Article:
Ashly: The thing is, fairy tales, or more specifically the folktales they came from, were never meant to be official set in stone versions. You track the history of particular kinds of stories, possibly with the Aarne-Thompson system (which I loathe, but have now referenced twice in a month, ew), and you see how they change and adapt for their audience. So I don’t see the point in bragging about updating a story like this, of course you do, that’s what they’re meant for. I majorly dislike the trend of disinfecting the stories because of this history: the point isn’t to assure kids there’s nothing bad out there, it’s to teach them that bad things happen and they can overcome them. And kids come up with some of the darkest and most horrifying things on their own, they are often far more prepared to face the horrors in stories than adults are.
Kelly: Yes, exactly this. It troubles me when stories are “updated,” because this is usually carried out by commercialized middle-class engines of production. Folktales are part of oral culture, which in Europe was traditionally a way for the poor and disenfranchised of society to ensure that their voices could be heard and to convey their fears, aspirations, values, beliefs, and customs to the next generation. I don’t trust multi-billion-dollar industries to “update” such narratives, or at least not in any way that preserves the essence of said narratives.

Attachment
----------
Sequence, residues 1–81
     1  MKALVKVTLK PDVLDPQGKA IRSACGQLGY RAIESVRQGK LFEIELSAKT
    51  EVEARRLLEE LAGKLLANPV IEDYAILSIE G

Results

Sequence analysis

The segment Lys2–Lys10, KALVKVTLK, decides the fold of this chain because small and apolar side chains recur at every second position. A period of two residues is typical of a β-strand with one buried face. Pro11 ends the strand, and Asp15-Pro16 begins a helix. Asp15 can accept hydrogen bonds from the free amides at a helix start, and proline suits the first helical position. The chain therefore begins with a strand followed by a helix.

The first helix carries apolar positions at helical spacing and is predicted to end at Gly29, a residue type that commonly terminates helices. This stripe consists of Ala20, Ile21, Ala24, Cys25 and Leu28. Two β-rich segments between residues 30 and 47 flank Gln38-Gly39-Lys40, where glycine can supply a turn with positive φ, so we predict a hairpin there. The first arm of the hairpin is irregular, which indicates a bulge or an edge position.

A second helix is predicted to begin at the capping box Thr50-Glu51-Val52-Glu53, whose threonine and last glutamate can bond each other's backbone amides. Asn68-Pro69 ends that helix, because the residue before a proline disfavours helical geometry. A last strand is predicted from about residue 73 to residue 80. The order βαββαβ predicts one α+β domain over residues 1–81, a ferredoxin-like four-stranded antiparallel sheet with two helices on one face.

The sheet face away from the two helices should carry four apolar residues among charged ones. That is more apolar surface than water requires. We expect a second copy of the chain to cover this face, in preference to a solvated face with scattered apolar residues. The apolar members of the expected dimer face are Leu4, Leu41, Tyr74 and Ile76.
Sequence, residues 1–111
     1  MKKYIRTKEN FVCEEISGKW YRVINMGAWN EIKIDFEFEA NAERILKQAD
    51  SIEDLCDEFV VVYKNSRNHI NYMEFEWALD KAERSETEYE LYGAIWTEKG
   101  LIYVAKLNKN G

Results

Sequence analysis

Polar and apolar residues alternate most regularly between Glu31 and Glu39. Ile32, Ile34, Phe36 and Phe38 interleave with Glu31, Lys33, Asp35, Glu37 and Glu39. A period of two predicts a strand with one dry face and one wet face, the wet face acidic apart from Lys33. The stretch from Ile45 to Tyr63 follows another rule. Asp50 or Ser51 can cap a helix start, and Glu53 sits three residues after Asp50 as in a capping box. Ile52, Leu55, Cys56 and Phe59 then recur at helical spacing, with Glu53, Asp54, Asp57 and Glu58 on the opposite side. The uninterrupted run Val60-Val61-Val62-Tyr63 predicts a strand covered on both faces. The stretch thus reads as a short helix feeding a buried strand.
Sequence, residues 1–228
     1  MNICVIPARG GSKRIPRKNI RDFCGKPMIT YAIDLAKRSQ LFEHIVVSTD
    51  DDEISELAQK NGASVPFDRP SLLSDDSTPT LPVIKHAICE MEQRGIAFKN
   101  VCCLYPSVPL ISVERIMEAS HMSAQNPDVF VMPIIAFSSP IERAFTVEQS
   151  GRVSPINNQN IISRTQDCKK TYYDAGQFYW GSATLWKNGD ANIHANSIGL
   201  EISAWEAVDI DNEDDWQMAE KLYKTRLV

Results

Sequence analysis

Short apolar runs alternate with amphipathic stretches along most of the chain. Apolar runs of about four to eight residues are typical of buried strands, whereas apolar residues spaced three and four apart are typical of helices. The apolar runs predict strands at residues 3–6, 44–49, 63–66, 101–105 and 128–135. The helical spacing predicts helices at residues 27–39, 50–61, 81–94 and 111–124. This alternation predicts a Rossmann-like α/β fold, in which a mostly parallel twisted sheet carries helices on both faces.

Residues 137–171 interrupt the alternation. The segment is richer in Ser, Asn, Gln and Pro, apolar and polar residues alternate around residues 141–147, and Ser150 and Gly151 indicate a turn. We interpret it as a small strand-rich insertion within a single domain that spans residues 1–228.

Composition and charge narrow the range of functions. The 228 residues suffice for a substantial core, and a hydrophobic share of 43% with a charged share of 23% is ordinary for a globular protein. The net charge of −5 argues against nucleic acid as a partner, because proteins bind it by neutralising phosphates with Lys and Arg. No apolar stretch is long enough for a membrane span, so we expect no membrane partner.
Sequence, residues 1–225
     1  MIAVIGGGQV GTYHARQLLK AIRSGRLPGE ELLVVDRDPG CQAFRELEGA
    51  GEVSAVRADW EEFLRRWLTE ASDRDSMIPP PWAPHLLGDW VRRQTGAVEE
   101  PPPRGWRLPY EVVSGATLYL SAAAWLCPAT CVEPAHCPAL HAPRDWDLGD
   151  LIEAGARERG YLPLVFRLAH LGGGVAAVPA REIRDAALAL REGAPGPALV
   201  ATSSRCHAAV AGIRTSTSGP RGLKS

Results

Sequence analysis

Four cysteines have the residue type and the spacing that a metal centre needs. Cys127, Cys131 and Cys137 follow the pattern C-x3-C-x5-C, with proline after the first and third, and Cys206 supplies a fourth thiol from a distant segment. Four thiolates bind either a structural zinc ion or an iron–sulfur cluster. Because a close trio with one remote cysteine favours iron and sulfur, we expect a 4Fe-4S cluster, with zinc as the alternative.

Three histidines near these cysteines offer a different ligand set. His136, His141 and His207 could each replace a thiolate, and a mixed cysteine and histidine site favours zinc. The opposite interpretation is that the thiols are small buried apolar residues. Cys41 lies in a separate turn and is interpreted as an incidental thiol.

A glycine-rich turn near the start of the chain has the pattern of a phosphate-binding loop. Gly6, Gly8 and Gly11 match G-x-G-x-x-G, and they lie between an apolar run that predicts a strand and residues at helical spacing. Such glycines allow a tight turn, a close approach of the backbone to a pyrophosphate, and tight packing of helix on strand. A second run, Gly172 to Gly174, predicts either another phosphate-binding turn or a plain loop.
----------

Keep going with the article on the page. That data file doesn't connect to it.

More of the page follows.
Sarah: It’s also tied into the idea of children as innocents in need of protecting, which is a fairly modern idea. Part of the reason fairy tales were originally so dark was because children were viewed as little adults who just needed to be educated. So that’s why in the original version of Little Red Riding Hood ends with Red being raped and eaten. There’s no woodsmen to cut her and her grandma out, because the story wasn’t about rescue, it’s about the bad things out there that will get you if you don’t know any better. Maleficent was awesome in its part about (spoiler) the Prince not being the one who kissed Beauty awake, but there was only this small nod towards the idea of kissing unconscious girls being a test of true love, and that’s a specific idea that these new movies are starting to chip at, but they’re not doing enough.
Jamie: Couldn’t tell you, really. I quit OUAT shortly after it began because the writers wanted to hit viewers over the head that Snow White’s Evil Queen as Mayor of Storybrooke was really just a woobie poor pumpkin with a bad past and we should feel sorry for her because doesn’t all she’s been through justify her being a Mean Queen? I kinda liked the fact that Red in OUAT was a werewolf, but that wasn’t enough to keep me.
Ginnis: I have a fascination with OUAT, but I must admit I am getting tired of giving villain’s sympathetic backstories. Like why can’t Maleficent just be an evil, petty fairy? I think sometimes it’s done well like with Rumplestiltskin on OUAT, but it seems like the backstories for female characters are just so much less interesting. But I also don’t think I mind Disneyfied fairy tales if they are going to show POC and different sexualities. I think there’s something important to that sort of utopianism for characters that aren’t just white and hetero.